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“In preparing for battle I have always found that plans are useless, but planning is indispensable.”
― Dwight D. Eisenhower
For years as a PR manager my vice presidents had come to expect that whenever I submitted a client plan for review, it would include this quote from our 34th President. It wasn’t a form of silent protest by any means, but a subtle reminder that PR is fluid and news cycles can change within minutes or a simple Tweet. To lock into a plan of action without accounting for a changing media landscape would be doing us and the client a disservice.
In the ever-changing world of social media, everyone wants to be the first to declare the next has-been. Last week, The Atlantic put a stake in the ground with a 1,800 word Eulogy for Twitter where it declared that “the publishing platform that carried us into the mobile Internet age is receding.” The story is mostly based on a hunch that “people are still using Twitter, but they’re not hanging out there.”
From a numbers standpoint, it doesn’t look like Twitter is going anywhere fast. After earnings last quarter, Twitter added 14 million new users for a total of 255 million- an improvement on the previous quarter. Anecdotally, every teenager I know has left Facebook for Twitter (and Instagram), a promising sign for the platform.
There’s no denying it, Americans are addicted to Facebook. While other platforms like Twitter and Instagram are gaining major traction, Facebook still reigns supreme (especially among young adults). According to a study of 1,000 Americans ages 18+, that InkHouse recently did in partnership with GMI Research, we discovered that Facebook users across ages have clear preferences about what they want to see on their newsfeed.
How to get “unfriended” – tell me what you had for breakfast, who you voted for and how great you think you are…
Based on the 75% of respondents who reported using Facebook, the top reason cited for “unfriending” someone was too many meaningless updates (aka no one cares about your breakfast croissant). Political posts ranked second and bragging posts came in third.
Last week, Jessica Lessin, a well-respected tech journalist who earlier this year launched the news site The Information, wrote a thoughtful piece on why Misleading Pushback on Media Reports Does Nobody Good. The post cited several high profile stories on brands such as Nike, Amazon and Square, that the subjects publicly denied – though Lessin’s whole point is that their PR statements were open to interpretation and trying to put the best spin on reports that, ultimately, were true.
“Many don’t dispute the underlying facts,” she wrote. “Instead, they try to obscure them. Others use words that could mean multiple things to multiple people.”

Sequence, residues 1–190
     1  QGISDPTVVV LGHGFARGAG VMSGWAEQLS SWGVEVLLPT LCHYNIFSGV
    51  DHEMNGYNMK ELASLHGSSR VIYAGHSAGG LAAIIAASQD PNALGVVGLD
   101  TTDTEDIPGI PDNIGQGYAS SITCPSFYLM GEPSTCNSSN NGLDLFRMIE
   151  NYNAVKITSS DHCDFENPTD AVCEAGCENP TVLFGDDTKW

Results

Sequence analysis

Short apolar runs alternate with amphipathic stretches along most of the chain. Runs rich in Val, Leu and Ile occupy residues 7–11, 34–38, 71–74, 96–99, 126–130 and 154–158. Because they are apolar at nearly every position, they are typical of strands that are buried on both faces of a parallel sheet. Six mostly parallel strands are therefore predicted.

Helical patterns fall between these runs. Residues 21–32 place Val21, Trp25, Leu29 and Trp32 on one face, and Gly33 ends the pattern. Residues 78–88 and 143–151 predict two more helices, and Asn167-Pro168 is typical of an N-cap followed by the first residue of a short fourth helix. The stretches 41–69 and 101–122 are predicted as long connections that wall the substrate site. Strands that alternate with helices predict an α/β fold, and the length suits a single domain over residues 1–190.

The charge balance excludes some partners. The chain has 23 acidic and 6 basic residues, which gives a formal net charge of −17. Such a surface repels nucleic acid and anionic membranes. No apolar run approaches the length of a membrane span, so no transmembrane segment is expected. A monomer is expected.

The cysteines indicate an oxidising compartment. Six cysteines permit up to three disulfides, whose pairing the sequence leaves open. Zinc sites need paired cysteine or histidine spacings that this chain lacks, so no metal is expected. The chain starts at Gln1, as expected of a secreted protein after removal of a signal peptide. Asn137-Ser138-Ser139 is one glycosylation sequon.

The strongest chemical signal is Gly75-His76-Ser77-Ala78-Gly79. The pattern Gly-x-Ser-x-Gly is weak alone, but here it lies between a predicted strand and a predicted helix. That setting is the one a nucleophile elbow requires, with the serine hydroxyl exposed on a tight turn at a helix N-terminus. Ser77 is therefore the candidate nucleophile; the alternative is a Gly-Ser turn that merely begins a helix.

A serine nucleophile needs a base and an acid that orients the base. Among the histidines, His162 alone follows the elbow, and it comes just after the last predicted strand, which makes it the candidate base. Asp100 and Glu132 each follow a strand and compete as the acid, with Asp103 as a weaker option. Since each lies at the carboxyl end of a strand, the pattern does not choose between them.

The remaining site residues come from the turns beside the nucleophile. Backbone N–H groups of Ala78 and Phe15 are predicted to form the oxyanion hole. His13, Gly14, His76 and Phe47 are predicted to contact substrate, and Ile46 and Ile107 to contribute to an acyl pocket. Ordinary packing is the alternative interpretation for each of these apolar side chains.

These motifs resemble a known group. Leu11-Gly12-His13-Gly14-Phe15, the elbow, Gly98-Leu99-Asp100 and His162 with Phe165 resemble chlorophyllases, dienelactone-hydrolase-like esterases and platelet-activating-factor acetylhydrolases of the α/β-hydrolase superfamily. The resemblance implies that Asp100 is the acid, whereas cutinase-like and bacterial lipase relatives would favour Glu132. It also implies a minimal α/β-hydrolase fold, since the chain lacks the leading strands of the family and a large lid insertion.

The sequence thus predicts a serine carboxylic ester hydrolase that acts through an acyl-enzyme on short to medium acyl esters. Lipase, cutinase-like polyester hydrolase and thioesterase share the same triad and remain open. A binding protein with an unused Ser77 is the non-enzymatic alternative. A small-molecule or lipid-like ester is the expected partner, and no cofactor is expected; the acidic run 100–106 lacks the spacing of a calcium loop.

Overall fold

You may have heard that Facebook and Storyful launched FB Newswire yesterday. The service, run via a Facebook page, seeks to be a resource for journalists by aggregating “newsworthy social content shared publicly on Facebook by individuals and organizations” through the page on Facebook and its Twitter feed, @FBNewswire.
The good news is that Facebook will evaluate posts based on quality of the content and the quantity of genuine interactions (shares, likes and comments) to bring FB Newswire followers news that the Storyful team determines as valuable. This opens up an opportunity for official Facebook pages, especially for companies whose business, industry or point of view is related to the news.
I’ve been on the news a lot lately. As a PR professional whose number one job is to help others get media attention, it’s an odd feeling to see yourself on a TV screen. And yet there I am… every time they play the surveillance video from the Boston Marathon bombings. I see the two brothers inches from me as I stand on the sidelines, watching the race and waiting for my friends to run by. One year later and I still get chills every time I see that video. Remembering how close I was, how close to home – my home, my city – it is an indescribable feeling. But Jeff Bauman did a pretty amazing job: the iconic Boston bombing photograph isn’t about my legs – it’s about a rescue.
Editor’s Note: This week, we dedicate the InkHouse blog to the Boston Marathon. All of our hearts were broken last year, and we’re so very proud that our own Tina Cassidy is running for the MR8 team to raise money for the foundation started by the Richard family, a family that lost so much. Tina shares her beautiful story about why she is running below. Our design team created the “Boston 4-21-14” image for anyone to use. We hope you’ll help spread the message of healing and resilience. #WeRunTogether
Why I’m Running the Boston Marathon
Below is Tina’s post:
How is your list of Twitter followers looking? If your answer falls somewhere between “meh” and “I don’t know,” let’s talk.
Twitter is a fabulous tool, but carefully crafted tweets are no good if they’re never seen by your target audience. Fortunately, there are a few easy steps you can incorporate into your everyday social activity to maximize your reach.
- In this case, it’s okay to be a follower. Following someone is the easiest way to get on his or her radar. Plus, it’s a compliment. I love the brands and organizations that follow me on Twitter! (As soon as I’m old enough to figure out how mortgages work, expect a call from me, @easternbank.)